There’s the person you greet when you sign in and there are the wet naked people you have to squeeze past in the locker room. There’s the lady spritzing down the shower (if you’re lucky) and there are trainers bounding up to you trying to sell you a 10-session training package (if you’re not). By the time you arrive at the balance ball to quietly do your crunches alone in the corner of the stretching area, you are pooped. You want to go home and you haven’t even listened to your meticulously curated Spotify workout playlist yet.

More: Turn your car into a gym with 9 quick exercises

I didn’t, of course, cancel my gym membership after the three-month trial. I totally forgot and ended up locked into a ridiculous membership fee for the entire year. And I did not (as many people do) go to the athletic club with the gusto of an Olympic weight lifter for the month of January, and then guilt myself into going once a month for the remainder of the year. I went to the gym precisely once. I cringed each month when I saw the automatic withdrawal on my credit card, but even that pain didn’t inspire me to go. I didn’t think of the fact that I could afford a nicer apartment for the amount I was donating to the “club" each month, of the hungry children I could feed or the trip to Europe I could take if I weren’t tithing to the gym.

The $1000 Swim

The one time I went to the gym, I went swimming. It was early in the morning, before the kids in their water wings and the old ladies who crawl-stroke without getting their hair wet had arrived. I had the entire pool to myself. It was freeing. It was magical. It was stress relieving and exhausting and all the things that a good workout is supposed to be. It was — and I say this without irony — an incredible swim. Thank God, because after the membership was over and I totaled up the cost per visit of my annual gym membership, I determined that incredible swim cost me $1,000. That's $1,194.80 to be precise.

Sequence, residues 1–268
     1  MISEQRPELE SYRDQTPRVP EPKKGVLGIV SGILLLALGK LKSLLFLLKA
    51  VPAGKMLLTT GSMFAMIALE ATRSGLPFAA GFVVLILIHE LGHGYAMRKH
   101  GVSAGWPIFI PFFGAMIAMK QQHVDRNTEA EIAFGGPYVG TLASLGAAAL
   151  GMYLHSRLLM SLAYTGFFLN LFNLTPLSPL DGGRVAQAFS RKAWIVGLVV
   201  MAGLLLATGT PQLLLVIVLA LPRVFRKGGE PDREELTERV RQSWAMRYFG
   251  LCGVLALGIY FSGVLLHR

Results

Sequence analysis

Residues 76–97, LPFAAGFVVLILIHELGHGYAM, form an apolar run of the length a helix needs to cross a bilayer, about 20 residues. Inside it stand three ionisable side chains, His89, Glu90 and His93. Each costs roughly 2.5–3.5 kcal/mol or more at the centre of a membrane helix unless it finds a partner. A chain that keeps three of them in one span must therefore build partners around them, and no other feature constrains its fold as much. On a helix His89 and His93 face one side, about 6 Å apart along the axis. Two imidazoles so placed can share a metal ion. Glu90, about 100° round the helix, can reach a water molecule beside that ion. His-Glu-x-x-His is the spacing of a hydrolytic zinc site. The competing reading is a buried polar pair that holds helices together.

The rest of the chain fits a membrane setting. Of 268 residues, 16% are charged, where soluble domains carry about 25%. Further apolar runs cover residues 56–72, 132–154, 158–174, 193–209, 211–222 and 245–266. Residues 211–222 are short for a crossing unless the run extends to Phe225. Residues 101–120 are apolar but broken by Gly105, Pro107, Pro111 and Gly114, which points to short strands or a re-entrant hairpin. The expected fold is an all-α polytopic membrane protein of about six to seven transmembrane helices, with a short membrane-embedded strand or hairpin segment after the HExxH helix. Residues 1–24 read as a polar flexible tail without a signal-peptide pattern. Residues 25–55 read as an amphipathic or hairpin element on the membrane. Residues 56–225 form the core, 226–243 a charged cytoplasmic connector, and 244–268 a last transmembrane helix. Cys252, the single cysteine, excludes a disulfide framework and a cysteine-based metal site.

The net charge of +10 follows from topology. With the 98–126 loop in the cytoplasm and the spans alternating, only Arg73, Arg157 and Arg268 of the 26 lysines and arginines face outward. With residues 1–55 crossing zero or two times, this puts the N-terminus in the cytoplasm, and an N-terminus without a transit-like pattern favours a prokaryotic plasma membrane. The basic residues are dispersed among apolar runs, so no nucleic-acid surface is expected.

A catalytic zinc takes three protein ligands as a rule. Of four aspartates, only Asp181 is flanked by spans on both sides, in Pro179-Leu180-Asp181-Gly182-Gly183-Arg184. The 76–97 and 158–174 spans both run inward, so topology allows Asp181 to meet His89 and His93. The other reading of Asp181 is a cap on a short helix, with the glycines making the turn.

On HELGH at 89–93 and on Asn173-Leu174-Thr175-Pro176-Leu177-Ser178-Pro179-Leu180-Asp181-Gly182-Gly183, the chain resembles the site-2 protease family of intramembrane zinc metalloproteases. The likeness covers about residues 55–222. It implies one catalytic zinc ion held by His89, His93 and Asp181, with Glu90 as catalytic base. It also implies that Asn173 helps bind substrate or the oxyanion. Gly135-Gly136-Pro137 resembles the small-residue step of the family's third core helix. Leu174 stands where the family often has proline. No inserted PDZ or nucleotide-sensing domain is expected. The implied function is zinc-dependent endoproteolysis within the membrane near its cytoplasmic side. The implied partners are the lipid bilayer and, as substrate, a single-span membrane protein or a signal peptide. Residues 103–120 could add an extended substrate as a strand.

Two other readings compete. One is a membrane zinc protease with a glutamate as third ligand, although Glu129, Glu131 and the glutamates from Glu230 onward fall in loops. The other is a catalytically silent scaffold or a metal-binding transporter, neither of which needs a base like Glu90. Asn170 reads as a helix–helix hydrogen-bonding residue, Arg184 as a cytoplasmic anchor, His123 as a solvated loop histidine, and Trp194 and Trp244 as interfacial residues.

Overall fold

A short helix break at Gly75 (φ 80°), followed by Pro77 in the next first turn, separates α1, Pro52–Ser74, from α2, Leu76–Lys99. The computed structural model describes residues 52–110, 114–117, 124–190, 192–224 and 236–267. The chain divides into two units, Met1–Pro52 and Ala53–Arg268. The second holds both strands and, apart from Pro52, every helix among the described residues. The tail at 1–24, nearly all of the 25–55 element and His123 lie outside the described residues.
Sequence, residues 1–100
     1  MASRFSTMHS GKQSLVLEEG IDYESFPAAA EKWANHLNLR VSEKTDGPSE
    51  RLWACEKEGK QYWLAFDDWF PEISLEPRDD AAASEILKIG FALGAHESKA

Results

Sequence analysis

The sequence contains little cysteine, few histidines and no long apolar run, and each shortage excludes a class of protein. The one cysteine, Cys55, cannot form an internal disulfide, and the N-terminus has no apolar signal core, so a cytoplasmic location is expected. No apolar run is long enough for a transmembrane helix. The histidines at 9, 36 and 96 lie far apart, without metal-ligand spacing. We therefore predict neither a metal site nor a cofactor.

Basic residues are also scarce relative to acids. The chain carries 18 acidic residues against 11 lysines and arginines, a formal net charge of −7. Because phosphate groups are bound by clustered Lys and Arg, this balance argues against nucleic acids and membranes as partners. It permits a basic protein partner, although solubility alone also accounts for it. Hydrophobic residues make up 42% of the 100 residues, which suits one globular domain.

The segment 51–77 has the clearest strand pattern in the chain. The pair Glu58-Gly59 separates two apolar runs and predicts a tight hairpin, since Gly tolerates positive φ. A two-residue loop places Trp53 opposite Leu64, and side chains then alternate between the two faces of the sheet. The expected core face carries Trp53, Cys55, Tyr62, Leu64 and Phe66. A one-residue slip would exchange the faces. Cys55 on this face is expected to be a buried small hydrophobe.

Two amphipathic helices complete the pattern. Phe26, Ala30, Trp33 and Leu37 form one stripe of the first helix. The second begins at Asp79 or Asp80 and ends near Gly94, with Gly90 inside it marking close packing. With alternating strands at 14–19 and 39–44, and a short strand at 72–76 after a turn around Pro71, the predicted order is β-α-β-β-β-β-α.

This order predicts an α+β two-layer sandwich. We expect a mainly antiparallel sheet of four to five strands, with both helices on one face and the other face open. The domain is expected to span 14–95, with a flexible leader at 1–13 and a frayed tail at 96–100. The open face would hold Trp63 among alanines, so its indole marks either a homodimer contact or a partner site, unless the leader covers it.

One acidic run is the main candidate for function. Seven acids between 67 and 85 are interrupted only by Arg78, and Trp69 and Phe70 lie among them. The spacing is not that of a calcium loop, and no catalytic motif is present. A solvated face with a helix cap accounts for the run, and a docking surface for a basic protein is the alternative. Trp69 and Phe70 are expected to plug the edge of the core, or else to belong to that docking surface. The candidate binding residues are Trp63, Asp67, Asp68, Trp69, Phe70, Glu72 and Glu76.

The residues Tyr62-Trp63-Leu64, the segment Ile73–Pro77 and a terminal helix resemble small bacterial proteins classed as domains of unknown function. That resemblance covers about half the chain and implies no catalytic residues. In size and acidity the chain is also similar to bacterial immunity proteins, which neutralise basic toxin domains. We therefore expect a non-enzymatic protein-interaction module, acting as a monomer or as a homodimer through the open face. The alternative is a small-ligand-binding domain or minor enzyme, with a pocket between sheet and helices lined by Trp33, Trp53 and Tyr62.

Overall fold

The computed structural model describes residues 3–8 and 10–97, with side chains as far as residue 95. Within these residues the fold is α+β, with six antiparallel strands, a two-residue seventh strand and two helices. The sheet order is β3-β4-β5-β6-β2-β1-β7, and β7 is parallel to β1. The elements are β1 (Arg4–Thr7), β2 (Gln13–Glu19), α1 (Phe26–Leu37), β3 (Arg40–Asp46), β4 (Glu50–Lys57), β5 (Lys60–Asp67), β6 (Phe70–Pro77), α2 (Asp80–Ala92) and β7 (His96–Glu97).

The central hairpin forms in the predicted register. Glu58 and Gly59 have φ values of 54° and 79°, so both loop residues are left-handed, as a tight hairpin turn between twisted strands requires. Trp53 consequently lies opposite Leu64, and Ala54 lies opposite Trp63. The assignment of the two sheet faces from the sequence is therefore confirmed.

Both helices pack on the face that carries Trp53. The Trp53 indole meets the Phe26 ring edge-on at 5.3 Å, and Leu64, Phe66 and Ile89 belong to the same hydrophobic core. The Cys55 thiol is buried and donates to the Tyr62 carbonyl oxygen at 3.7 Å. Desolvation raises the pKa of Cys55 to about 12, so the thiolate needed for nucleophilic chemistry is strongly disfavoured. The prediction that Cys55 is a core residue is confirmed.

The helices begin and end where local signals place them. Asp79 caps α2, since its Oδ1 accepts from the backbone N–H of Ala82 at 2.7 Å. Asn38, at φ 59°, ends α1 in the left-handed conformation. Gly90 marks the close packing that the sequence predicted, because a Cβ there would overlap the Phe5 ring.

So, to you, the hopeful, determined newest member of Crunch or Curves or Gold’s or Members Only Athletic Palace, I say good luck. I say think about what you’re paying for for that gym membership and ask yourself if you are a person who actually likes to go to the gym, who likes to be around other people a lot when she’s working out. A fancy gym is still a gym, and no organic juice bar or eucalyptus-scented towel is going to change that. If you’ve taken advantage of an irresistible trial membership, cancel it by April 1 or whenever it expires. And if you do actually fall in love with the elliptical trainer or the Cardio-Sculpt class or the 5 a.m. Yogalates with Cybil, you’re a better New Year’s "resolutionary" than I am. I’ll be outside in the park, jogging along the perimeter and I’ll meet you for post-workout cocktails after.